A ``chrooted'' DNS server should be used. In particular, a subdirectory should be created with copies of various files. The name service program runs with this directory as its root directory and cannot access any other part of the file system on the machine. Moreover, a new user with a new group should be created which is the user-level privilege with which the daemon runs. This may require minor modification of the startup script for the DNS program as well as the startup script for system logging.
The name server responds to queries regarding all zones for which it is a name server. It also allows arbitrary ``recursive'' queries from our local external zone machines as well as the ISP's name servers. It does not allow such queries from the internet. The program should accept connections made to designated port for name service at the address assigned to the primary name server for our domains.
This machine can also act as a server for other external services as name service of the above kind usually does not create much of a load on the system.
This name server is the ``real'' server where all the authoritative data regarding our domains is stored. However, it serves this data only to the other name servers operating within our network (internal as well as external zones). It can also accept arbitrary ``recursive'' queries from such hosts.
This machine can also act as a server for other internal services as the above service is not much of a load. In particular, if the internal network has an ``private'' name service such as nis, ldap or wins, then it is probably good to use this machine at least as a ``slave'' for such services so that the hostname/address database management tasks can be simplified.
This is the server that is the first DNS resolver for each machine in the internal zone. Thus it caches the name lookups for all the machines on the internal network. In addition, it is a good idea to keep it as a ``slave'' DNS server for our domains so that local lookups can proceed quickly; however, it should not be listed as a name server in the Start of Authority (SAO) record for the domain.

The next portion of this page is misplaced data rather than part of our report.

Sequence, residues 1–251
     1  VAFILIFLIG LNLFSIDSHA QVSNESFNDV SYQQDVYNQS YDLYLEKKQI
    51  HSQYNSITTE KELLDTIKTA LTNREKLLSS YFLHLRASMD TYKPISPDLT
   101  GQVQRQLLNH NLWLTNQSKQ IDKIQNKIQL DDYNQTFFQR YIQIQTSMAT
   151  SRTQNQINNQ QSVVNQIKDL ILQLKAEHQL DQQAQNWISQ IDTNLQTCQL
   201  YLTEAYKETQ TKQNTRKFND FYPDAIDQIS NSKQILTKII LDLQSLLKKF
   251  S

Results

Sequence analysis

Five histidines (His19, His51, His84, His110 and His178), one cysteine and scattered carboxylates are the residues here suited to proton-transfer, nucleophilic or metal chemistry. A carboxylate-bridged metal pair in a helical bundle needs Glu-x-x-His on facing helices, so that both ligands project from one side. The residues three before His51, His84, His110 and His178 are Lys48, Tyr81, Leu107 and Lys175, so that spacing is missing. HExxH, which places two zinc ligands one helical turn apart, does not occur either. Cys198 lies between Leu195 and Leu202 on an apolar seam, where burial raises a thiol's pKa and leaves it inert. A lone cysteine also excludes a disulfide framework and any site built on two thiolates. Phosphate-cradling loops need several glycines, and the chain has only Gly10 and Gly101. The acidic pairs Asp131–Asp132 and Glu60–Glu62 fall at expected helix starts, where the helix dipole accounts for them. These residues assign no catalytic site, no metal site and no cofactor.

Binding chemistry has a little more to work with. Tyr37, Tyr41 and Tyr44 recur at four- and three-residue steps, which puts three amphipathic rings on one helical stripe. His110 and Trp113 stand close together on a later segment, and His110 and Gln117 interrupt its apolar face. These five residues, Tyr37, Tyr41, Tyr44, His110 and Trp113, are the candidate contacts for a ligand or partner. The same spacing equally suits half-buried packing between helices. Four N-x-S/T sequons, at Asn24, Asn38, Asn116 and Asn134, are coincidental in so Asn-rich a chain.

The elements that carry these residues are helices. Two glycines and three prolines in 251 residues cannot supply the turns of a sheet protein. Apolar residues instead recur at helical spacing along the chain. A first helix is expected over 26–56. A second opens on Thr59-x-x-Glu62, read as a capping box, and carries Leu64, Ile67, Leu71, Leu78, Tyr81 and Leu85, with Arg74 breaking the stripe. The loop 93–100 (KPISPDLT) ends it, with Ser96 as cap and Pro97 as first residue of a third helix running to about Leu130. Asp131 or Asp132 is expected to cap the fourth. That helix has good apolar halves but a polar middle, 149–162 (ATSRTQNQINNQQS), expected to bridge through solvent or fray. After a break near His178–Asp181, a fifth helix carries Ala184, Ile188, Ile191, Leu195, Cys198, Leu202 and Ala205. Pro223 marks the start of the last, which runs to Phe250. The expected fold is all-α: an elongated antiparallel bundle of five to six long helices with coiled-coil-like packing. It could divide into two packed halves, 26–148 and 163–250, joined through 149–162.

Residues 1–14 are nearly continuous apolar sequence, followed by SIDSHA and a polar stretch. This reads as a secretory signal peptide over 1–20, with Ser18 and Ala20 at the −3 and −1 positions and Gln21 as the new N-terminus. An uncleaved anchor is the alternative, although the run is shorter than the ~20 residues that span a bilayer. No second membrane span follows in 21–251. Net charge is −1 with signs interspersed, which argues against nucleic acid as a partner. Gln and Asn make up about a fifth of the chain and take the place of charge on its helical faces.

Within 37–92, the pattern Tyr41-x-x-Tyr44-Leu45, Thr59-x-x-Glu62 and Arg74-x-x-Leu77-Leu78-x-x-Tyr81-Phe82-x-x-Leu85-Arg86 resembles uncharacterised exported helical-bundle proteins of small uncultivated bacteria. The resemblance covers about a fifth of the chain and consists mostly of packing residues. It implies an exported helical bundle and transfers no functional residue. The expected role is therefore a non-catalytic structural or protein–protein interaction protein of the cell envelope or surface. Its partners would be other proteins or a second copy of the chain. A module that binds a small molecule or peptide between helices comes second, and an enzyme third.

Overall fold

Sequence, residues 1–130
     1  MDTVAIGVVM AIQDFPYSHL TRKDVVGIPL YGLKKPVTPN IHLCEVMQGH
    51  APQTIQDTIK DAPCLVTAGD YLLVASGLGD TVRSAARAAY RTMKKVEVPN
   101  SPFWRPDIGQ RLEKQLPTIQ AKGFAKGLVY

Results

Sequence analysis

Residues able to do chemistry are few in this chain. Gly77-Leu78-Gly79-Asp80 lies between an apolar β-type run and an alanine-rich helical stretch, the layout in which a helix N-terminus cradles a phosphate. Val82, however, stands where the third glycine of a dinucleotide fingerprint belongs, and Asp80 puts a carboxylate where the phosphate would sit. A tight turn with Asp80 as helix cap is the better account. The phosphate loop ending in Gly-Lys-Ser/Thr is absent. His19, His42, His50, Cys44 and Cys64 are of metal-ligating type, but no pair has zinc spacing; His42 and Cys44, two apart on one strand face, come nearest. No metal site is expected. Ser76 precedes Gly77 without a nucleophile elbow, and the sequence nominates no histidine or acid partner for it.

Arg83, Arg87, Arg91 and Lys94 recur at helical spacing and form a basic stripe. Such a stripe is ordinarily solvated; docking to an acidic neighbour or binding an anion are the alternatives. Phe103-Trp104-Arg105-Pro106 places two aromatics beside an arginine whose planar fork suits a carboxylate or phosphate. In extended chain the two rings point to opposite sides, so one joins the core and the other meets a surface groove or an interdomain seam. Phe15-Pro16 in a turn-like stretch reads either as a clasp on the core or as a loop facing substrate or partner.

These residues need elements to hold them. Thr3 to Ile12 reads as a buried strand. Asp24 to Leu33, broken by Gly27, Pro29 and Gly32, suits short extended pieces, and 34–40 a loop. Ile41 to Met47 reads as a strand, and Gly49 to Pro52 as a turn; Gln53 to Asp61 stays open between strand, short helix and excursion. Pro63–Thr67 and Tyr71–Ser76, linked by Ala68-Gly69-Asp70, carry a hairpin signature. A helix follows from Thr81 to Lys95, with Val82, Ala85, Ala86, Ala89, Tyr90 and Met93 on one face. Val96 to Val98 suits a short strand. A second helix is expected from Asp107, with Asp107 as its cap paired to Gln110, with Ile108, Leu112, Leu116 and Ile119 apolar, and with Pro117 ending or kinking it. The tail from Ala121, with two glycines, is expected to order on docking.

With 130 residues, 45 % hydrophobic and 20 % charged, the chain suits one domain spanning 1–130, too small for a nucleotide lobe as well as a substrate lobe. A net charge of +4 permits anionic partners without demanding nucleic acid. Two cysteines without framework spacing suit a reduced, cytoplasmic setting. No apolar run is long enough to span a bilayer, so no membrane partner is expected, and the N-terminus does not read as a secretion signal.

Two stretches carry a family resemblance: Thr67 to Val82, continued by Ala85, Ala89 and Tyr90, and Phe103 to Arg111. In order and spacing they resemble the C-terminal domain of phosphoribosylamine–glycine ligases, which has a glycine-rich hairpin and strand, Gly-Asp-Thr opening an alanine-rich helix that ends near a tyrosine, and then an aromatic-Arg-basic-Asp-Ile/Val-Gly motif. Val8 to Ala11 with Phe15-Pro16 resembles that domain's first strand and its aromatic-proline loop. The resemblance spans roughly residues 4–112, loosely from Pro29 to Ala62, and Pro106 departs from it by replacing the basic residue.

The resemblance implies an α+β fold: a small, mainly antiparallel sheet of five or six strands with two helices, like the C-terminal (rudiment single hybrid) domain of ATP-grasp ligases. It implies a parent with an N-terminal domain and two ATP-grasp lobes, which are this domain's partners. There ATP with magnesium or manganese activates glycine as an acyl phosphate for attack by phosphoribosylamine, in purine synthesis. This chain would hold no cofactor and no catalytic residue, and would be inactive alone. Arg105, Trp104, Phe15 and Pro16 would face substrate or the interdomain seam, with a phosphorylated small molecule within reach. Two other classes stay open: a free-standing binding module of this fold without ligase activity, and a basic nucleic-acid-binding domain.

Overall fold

This service should probably be coupled with Web Object Cache (or less preferably with the Mail Server) so that the name lookups associated with that service can add to the name service cache.
If possible a ``chrooted'' mail exchange program should be used. It should be configured to allow relaying to/from ``internal'' hosts but deny all other forms of relaying (except for other domains with which a prior exchange arrangement has been worked out). All mail that this machine accepts for our domains is passed up to the mail hub for actual delivery. For these services it should accept connections made to the designated port for mail service at the address assigned to the primary mail exchanger for our domains.
All mail originating from the local machines is masqueraded as coming from our domain in order to ensure that ``reply'' modes work for recipients. Finally, some mail generated in the external zone by various monitoring processes should be sent to ``real'' users (system administrators) at the mail hub.
Since the server needs to perform lookups for domains and addresses it is a good idea to have at least a caching name server running on this machine. It can also serve some other low load services.
The mail hub runs a mail delivery program so it needs to have write access to the mail spool areas. It may also need to re-direct mail based on aliases and forwarding. Thus it should have access to the user database and the user ``home'' directories if that is where the .forward files are kept. In particular, if these are managed through nis, wins or ldap, then this machine should be at least a slave for such services.
This machine resides in the external zone and listens for incoming requests on the designated port for web service at the address of the web server that is announced on the name service. It then checks for the relevant page on the internal ``real'' web server; if that page has not been modified since it was last cached it is recovered and send to the remote client; otherwise the cached page is served. Access control lists for known ill-behaved ``robots'' and other clients can also be implemented.